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5 things you need to know about the George Lucas museum in Los Angeles

Chicago didn’t want Star Wars creator George Lucas’ Museum of Narrative Art, but Los Angeles was a different story. From the beginning, LA has opened its arms, and when it was announced this week that LA was chosen to be the museum’s home, Mayor Eric Garcetti reacted with exuberance, saying the city was “gaining a new jewel.”

Lucas and his wife, Mellody Hobson, will spend more than $1 billion to build the five-story museum on two parking lots on Vermont Avenue in Exposition Park, a sprawling site in South LA that’s also home to the Los Angeles Memorial Coliseum.

While we wait for the spaceship-looking museum to get built, here are five things worth knowing about it:

Why Los Angeles?

The location makes a lot of sense. Exposition Park holds three museums already, it has a stop on Metro’s new Expo Line light rail, and it’s right across the street from USC, Lucas’ alma mater. But LA wasn’t a shoe-in. It was competing with its perpetual rival, San Francisco, where Lucas has strong ties; he lives in Marin County, and he founded Lucasfilm in the Bay Area.

The San Francisco Chronicle had reported the prize would go to whichever city offered “fewer obstacles to getting the project finished.” (Lucas, 72, must be eager to open the museum; he’s been trying to find a home for it since 2012.)

Apparently, that was LA. Mayor Eric Garcetti and other bigwigs were really gunning for it. The Hollywood Reporter says DreamWorks Animation CEO Jeffrey Katzenberg “relentlessly pushed” behind the scenes, and Michael Govan, director of LACMA, was instrumental in lobbying efforts, too.

It’s not just a Star Wars museum

Sure, the museum will hold Star Wars memorabilia, but the collection will be a lot bigger and more varied than that. Curbed’s Urbanism Editor Alissa Walker wrote about the collection for Gizmodo in 2014, saying it “will focus on the power of a single image to tell a story, inspire emotion, or encapsulate universal truths.” She noted that Lucas is a longtime collector of Norman Rockwell paintings, and those, along with other works from his personal trove will serve as the seed for the museum’s collection.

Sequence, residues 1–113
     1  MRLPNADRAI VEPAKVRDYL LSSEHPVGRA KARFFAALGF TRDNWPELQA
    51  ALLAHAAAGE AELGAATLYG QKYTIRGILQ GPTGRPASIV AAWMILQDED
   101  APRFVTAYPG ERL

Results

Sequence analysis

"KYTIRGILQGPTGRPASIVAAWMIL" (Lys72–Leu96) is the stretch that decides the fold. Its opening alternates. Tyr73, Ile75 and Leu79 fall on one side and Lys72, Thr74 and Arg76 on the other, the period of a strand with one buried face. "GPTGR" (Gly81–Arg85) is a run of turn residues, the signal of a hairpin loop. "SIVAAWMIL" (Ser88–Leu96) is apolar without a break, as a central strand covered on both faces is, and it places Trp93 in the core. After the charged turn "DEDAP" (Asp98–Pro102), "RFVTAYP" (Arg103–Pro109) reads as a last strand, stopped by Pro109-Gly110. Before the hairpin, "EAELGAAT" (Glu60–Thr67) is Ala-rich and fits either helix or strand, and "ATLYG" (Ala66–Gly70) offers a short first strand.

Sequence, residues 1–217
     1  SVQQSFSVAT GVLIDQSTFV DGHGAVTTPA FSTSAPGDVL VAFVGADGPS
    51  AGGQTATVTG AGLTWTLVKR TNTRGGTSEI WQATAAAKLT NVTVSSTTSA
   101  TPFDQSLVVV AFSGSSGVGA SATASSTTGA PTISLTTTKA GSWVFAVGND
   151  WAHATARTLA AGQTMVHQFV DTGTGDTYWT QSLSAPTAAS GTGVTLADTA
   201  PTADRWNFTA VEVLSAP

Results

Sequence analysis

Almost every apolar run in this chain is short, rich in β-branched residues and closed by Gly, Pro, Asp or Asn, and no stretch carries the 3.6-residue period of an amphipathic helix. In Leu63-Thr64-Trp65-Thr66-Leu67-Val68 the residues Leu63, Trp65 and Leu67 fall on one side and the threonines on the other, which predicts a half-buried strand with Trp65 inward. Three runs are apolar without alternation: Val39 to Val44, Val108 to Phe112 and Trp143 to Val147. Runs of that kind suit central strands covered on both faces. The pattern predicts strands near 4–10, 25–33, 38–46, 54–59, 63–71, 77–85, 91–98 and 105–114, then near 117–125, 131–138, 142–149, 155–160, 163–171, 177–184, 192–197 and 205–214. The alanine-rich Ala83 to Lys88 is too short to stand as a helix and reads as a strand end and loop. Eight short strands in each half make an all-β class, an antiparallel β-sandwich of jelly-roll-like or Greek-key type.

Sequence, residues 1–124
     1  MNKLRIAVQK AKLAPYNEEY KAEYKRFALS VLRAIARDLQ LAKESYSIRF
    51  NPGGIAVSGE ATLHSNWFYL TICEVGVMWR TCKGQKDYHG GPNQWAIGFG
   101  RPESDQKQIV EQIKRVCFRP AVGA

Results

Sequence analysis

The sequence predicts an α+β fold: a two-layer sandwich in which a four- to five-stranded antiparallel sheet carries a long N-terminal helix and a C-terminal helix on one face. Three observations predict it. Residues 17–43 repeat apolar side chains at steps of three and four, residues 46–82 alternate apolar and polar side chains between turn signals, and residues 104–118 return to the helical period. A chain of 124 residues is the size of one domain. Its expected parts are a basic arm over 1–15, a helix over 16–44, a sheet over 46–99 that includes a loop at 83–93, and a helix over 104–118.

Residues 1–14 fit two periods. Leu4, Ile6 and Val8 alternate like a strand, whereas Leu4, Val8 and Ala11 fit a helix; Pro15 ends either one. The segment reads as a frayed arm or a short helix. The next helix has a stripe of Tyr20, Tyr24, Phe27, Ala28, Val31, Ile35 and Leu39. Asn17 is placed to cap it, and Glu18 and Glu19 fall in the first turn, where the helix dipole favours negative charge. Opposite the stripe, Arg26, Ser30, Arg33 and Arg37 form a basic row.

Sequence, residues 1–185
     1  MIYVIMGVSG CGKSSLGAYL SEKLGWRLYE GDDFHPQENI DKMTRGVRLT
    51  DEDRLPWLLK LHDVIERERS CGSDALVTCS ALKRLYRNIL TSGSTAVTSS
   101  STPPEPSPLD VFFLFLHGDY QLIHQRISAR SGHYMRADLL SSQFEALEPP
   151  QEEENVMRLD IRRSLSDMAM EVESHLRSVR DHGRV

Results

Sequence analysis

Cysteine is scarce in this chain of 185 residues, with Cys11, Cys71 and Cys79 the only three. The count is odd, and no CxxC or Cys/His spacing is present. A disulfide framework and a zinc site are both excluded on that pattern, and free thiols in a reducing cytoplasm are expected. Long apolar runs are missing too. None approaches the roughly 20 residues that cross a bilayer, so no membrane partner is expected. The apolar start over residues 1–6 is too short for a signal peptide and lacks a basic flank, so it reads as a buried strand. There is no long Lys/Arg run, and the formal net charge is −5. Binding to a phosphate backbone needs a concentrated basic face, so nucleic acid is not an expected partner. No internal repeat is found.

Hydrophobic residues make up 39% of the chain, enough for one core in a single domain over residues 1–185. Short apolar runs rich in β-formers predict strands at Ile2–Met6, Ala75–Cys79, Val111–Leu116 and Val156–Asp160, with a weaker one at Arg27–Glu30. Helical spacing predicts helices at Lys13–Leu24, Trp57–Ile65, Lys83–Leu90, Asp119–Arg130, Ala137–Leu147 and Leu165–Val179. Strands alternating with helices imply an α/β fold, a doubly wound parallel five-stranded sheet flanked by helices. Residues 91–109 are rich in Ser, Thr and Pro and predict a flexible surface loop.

San Francisco Chronicle’s Charles Desmarais says he was the first journalist to take an extensive look at the look at the collection. He has said it could be the start of a wonderful museum. But other critics aren’t impressed. The Los Angeles Times’ Christopher Knight has taken to calling it the “Treacle Museum.”

The museum’s website says to think about the collection in three themes: The history of narrative art, the art of cinema, and digital art. Here’s a glimpse at some of the art that will hang in the museum: In addition to the permanent collection and special exhibits, the museum will host daily film screenings, public lectures, and hands-on workshops.

It’s a big deal ... or is it?
  • “This is a real triumph for the city of L.A., and this will be a transformative opportunity for L.A.,” Katzenberg told the Times.

  • “It’s logical, it’s appropriate, it’s thrilling ... this is going to make us the buzz capital of the world,” Selma Holo, director of the USC Fisher Museum of Art, told the Los Angeles Daily News.

  • It’s “one of the most important cultural and tourist additions to our city in the last 25 years,” philanthropist Eli Broad told the Times.

With the recent openings of The Broad, Sprueth Magers, Hauser &Wirth, and the forthcoming museum from the Marciano Art Foundation, Los Angeles is already well on its way to cementing its reputation as a hotbed for art. The addition of the Lucas museum might elevate its cultural status. But the people turning up their noses at the Lucas collection may be right, in which case, it might just draw a lot of Star Wars fans.

The futuristic design

The museum, designed by MAD architects, will look unlike any other buildings we have in Los Angeles.

The firm was founded by one of China’s best-known architects, Ma Yanson, who is a protege of the late Zaha Hadid. A digital designer, Yanson creates free-form structures inspired by nature. His firm is based in Beijing, but it has an office in Santa Monica, and in 2015, it unveiled renderings for its first U.S. project, a residential complex in Beverly Hills that will be wrapped in a “‘living wall” of native, drought-tolerant succulents and vines.’”

Los Angeles Times architecture critic Christopher Hawthorne draws similarities between the Lucas museum and Peter Zumthor’s unpopular proposal for the LACMA redesign, because both are proposed as fluid structures that float above parks. But while the LACMA proposal looks like a giant tar splatter,KCRW’s Design and Architecture says the Lucas museum looks more like the “sole of a high-tech running shoe.”

When will it open?

Construction could start as soon as the end of this year, with an opening date pegged for 2021.

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